Legal battle over libraries hots up

Legal battle over libraries hots up

The defence of the public library service has entered a new phase with the judicial review hearing in the High Court into Brent council’s contentious proposal to close six of its 12 libraries.

The case was the first to be heard but more will swiftly follow, as campaigners frustrated by the Secretary of State for Culture, Media & Sport’s unwillingness to order a public inquiry into closures turn to the law for urgent action before their libraries are closed for good.

Isle of Wight campaigners had an application for judicial review, a preliminary to the review itself, rejected by the High Court last week (26th July). Gloucestershire and Somerset library campaigners will take their cases to judicial review in September. In Dorset, where last week the council decided by a nail-biting margin of just one vote that nine libraries must close if volunteers do not come forward to run them, campaigners are also considering legal action.

Responding to the urgency, the judge in the Brent judicial review, Mr Justice Ouseley, has said he may deliver his decision in August, with the full reasoning set to follow later in the autumn. Brent council has agreed not to make any immediate moves to close its six threatened libraries—Barham Park, Cricklewood, Neasden, Kensal Rise, Preston and Tokyngton—ahead of that decision.

The situation in each library authority is different, and the legal arguments are likely to vary from case to case. The bare bones of the argument made over Brent libraries saw Helen Mountfield QC, representing three Brent residents, argue that the council failed to comply with its legal obligations under the 1964 Public Libraries & Museums Act when planning its library closures, because it did not properly identify the range of needs it had to meet before coming up with its proposal. It had also “closed its mind” to alternative proposals for delivering its library service in partnership with third parties, she said.

However, Elizabeth Laing QC, representing the council, said the closure was made “with great care and expressed attention to the 1964 Act” and other relevant legislation. “If it is to be suggested that it involves unlawful pre-determination, that would make it extremely difficult for any local authority to make decisions in an orderly way,” she said. Alternative proposals by groups to run the service were unsuccessful because they were “unrealistic”, Laing told the court.

A number of points raised during the Brent review will be of broader interest and could have further implications for the library sector:

Does there need to be an actual library building in order to provide a library service, or can a council still fulfil its obligations after closing the physical libraries?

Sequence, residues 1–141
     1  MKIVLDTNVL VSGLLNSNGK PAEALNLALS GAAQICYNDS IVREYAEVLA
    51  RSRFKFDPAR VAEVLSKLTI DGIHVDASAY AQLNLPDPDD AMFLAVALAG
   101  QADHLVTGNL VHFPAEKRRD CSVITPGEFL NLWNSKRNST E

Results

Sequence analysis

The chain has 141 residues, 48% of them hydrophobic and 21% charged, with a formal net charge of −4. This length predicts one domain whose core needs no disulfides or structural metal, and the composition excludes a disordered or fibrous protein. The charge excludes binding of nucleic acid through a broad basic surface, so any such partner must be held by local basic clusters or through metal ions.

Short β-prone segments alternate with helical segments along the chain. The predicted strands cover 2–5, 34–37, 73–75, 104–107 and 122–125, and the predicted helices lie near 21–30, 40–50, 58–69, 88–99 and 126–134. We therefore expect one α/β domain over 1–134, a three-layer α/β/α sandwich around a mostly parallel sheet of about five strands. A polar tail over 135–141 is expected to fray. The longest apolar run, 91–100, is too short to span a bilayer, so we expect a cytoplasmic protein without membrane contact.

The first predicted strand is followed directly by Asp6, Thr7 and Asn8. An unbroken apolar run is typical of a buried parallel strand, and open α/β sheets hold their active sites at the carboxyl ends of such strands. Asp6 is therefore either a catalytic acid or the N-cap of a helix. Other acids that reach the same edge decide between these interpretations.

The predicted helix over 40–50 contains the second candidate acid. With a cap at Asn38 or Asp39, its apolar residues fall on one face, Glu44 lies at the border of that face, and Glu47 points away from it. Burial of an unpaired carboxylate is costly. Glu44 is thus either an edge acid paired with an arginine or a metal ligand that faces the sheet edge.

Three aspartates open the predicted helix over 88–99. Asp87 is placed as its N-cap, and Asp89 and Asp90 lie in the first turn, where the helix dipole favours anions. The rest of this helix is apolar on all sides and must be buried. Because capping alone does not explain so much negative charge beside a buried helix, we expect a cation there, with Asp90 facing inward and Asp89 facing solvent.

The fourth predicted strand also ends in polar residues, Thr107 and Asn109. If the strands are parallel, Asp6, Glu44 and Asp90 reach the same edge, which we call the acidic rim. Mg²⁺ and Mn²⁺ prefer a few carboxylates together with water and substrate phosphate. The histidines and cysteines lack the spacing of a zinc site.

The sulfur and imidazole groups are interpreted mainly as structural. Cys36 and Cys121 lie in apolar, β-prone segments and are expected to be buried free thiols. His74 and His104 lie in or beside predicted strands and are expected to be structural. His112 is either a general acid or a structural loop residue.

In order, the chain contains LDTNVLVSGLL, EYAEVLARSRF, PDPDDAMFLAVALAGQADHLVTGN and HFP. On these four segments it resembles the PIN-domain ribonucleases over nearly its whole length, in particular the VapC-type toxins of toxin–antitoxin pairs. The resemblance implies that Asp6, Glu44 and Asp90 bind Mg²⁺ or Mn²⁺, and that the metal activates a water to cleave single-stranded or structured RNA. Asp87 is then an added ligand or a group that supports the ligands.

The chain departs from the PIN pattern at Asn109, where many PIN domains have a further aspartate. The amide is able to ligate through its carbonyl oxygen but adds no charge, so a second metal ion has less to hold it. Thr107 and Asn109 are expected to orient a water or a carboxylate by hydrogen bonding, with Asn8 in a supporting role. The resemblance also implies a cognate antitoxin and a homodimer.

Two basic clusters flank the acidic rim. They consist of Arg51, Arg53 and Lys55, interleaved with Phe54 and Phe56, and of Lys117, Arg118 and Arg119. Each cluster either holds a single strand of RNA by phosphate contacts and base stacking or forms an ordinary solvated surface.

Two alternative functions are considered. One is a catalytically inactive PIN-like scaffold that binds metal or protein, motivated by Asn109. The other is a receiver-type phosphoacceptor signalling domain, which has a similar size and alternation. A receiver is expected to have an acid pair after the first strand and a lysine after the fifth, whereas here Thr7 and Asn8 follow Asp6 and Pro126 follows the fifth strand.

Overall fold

Mountfield cited the 1962 Bourdillon Report which preceded the 1964 Public Libraries & Museums Act as evidence that physical libraries were necessary. The report referred to libraries as the “centre of cultural life”, with many providing activities and events such as lectures and exhibitions. Laing said there was no reference to library buildings in section seven of the 1964 Act. “There are references to library services and libraries facilities but those are not library premises,” she said.

Can the need for a council to make financial savings be taken into account when considering how it provides a “comprehensive and efficient” library service?
Laing said resources were “plainly a relevant consideration” when the council was fulfilling its duties under the 1964 Act. Citing legal precedent, she told the court: “Resources are relevant both to the assessment of need and the way in which such needs are met.”

What level of consultation must a council undertake before making its decision?
In the Brent judicial review, Mountfield said the council did not reach a fully informed assessment of need before it developed its library proposal. “That duty of analysis must be performed as a preliminary to a lawful decision,” she said. Laing said the decision-making process followed a standard local authority model and drew on “extensive evidence”. Doing an equality impact assessment of every possible option before formulating a preferred proposal would be an “impractical” approach that was “flabby, complicated and time-consuming”, she told the court.

Is judicial review by the High Court a full substitute for action from the secretary of state?
Laing said any question about whether the library service was comprehensive and efficient was a question for the secretary of state rather than the court. “It is clear from the act that the secretary of state has overall supervision and has power to order an inquiry,” she said.

Does the High Court take the Wirral Report into account?
Mountfield said the 2009 Wirral Report, which followed the public inquiry ordered by the secretary of state into proposed library closures in Wirral, was an “important document” which was “not a legal precedent, but does inform the approach taken by the secretary of state.” The judge, Mr Justice Ouseley, noted that the Wirral Report was “not binding” on him.